Dioecious tree, 15-30 m tall; branchlets slender, +/- terete, grayish-sericeous when young, glabrate in age; sap with sweet aroma. Petioles short and obscure or to 1.5 cm long; blades oblong-obovate to oblong-elliptic, moderately acuminate to long-acuminate (the acumen blunt), narrowly acute to attenuate at base, 7-15 cm long, 3-6 cm wide, weakly coriaceous, the upper surface glabrous, the lower surface inconspicuously and +/- densely appressed-pubescent, in age glabrous but with well-developed villous axillary tufts; midrib flat or slightly raised above, the lateral veins mostly in 7-9 pairs, mostly branching from midrib at ca 30° angle, the reticulate venation prominulous below. Panicles upper-axillary or subterminal, 6-15 cm long, branched several times, the branches grayish-puberulent, the trichomes becoming appressed on the upper parts of the branchlets; pedicels and hypanthium lobes gray-sericeous; pedicels ca 2 mm long; flowers unisexual, ca 3 mm long, whitish; perianth 6-lobed nearly to base, deciduous from the hypanthium usually as a unit, the lobes +/- equal, imbricate, ovate-elliptic, moderately thick, narrowly rounded at apex, papillate-puberulent within; outer stamens 6, suborbicular, somewhat flattened, ca 1 mm long, the filaments very short, merging almost imperceptibly with anthers, papillate-puberulent on outside and along medial part of connective on inside, the glands globose, about half as high as stamens, glabrous except near base, the inner stamens 3, to ca 1.5 mm long, the filaments papillate-pubescent, the anthers as long as filaments, narrowly ovoid, papillate-pubescent on outside at base; pistil ca 1.5 mm long; ovary ovoid, glabrous, about twice as long as style; stigma +/- triangular. Fruits +/- ellipsoid to narrowly ovoid, 4-6 cm long, 2-2.5 cm wide, minutely apiculate at apex, at first dark green with minute speckles of lighter green, becoming black at maturity; exocarp thin, black; mesocarp less than 2 mm thick, the 2 large cotyledons red; cupule 1.5-2.5 cm long, the upper part saucer-shaped, 1.1-1.4 cm wide at apex, 2-4 mm deep, green to brown or reddish-brown at maturity of fruit. Croat 8150, 9780,14846. Occasional or rare, in the older forest. Flowers in the late dry season (April). The fruits mature in the early rainy season (late May to July). One collection tentatively determined as this species (Shattuck 535) has juvenile fruits in early December. Allen (1956) reported the species (as O. williamsii P. H. Allen) to flower in May in Costa Rica. As the leaves of this species age, they become increasingly darkened on drying and the appressed pubescence of the lower leaf surface almost disappears. In addition, axillary domatia become better developed on mature leaves. Fruits of the species fall at about the same time as those of Beilschmiedia pendula, which are the same size and shape, but B. pendula differs in having yellowish-green cotyledons rather than the red ones of O. skutchii. Costa Rica and Panama. In Panama, known only from tropical moist forest on BCI.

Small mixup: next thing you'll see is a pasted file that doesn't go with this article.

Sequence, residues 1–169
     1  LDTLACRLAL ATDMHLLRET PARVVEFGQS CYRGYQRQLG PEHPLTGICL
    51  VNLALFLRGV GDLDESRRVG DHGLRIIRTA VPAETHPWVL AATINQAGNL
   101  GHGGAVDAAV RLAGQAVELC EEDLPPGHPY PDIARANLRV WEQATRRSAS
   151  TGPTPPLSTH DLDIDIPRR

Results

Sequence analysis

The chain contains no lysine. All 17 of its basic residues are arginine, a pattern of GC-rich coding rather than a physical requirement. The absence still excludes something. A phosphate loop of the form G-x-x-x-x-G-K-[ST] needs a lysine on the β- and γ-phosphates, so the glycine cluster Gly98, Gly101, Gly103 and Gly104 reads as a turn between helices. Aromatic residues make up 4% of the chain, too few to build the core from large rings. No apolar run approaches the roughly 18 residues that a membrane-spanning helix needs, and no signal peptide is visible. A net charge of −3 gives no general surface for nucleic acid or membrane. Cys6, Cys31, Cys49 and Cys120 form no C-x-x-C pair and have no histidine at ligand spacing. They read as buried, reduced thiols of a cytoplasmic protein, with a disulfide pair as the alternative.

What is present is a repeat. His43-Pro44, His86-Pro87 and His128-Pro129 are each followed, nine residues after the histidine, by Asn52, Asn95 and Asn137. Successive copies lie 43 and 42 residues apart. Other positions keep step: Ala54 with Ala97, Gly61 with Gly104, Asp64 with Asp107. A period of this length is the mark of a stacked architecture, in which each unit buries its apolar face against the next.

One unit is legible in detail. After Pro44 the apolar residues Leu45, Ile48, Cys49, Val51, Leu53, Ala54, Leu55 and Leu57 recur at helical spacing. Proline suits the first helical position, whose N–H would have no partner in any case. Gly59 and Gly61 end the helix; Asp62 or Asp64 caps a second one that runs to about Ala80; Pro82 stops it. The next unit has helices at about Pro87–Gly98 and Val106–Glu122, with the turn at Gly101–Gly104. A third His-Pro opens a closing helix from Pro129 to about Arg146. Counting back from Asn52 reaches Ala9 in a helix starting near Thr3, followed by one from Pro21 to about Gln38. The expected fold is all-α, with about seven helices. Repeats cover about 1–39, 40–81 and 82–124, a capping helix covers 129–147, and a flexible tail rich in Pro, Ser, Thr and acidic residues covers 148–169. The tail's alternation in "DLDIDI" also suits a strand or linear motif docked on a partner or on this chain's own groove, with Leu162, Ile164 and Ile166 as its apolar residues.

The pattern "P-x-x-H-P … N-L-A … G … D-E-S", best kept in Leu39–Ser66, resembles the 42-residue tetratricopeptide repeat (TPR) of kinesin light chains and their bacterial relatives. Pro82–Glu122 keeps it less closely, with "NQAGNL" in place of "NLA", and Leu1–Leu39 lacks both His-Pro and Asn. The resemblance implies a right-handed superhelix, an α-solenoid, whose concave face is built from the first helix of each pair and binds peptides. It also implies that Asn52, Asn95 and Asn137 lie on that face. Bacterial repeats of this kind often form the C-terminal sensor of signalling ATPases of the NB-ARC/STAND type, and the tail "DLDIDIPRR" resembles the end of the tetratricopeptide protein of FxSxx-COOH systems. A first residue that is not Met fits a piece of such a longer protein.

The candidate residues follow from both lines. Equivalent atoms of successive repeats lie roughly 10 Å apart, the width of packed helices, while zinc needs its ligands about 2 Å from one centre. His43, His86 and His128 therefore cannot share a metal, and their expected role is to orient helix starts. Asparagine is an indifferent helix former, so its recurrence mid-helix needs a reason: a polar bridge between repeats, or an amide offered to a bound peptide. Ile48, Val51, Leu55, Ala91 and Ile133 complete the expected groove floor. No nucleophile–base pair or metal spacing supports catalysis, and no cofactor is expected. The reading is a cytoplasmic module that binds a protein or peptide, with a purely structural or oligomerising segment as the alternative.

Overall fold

Descripción: Árbol que alcanza de 10 a 30 m de alto. Tronco recto y cilíndrico, a veces con rebrotes y raíces tablares bien desarrolladas en la base, ocasionalmente con raíces fúlcreas. Corteza exterior de color marrón castaño y lenticelada. Hojas simples y alternas, de 5-15 x 3-5 cm, elípticas, con ápice acuminado y arqueado, bordes enteros y base decurrente. Las hojas son aromáticas al estrujarlas. Pecíolo de 1-1.5 cm de largo. La especie es dioica. Flores aromáticas, blancas o verde amarillentas. Frutos en drupas oblongas o elipsoidales, de 4-6 cm de largo, verdes y con una copa basal de color rojizo, tornándose negros al madurar.
Datos Ecológicos: La especie crece a bajas y medianas elevaciones, en bosques húmedos o muy húmedos. En Panamá se encuentra en las provincias de Chiriquí, Coclé, Colón, Los Santos, Panamá y la comarca de Guna Yala. Crece en pendientes y hondonadas dentro del bosque maduro de la isla de Barro Colorado. Florece y fructifica de marzo a julio. Las flores son visitadas por insectos. Los frutos constituyen parte de la dieta de monos, tucanes y pavas de monte. Las semillas son dispersadas por animales. Muchas plántulas germinan debajo de los árboles progenitores, pero mueren en grandes cantidades debido al ataque de hongos patógenos.
Especies Parecidas: A menudo se confunde con LK nectpu Nectandra purpurea LK2 , pero en N. purpurea las hojas jóvenes son de color morado, lo cual no ocurre en O. whitei.
Usos: La madera es empleada en construcciones pesadas, instalaciones portuarias, obras hidráulicas, durmientes de ferrocarril y entarimados.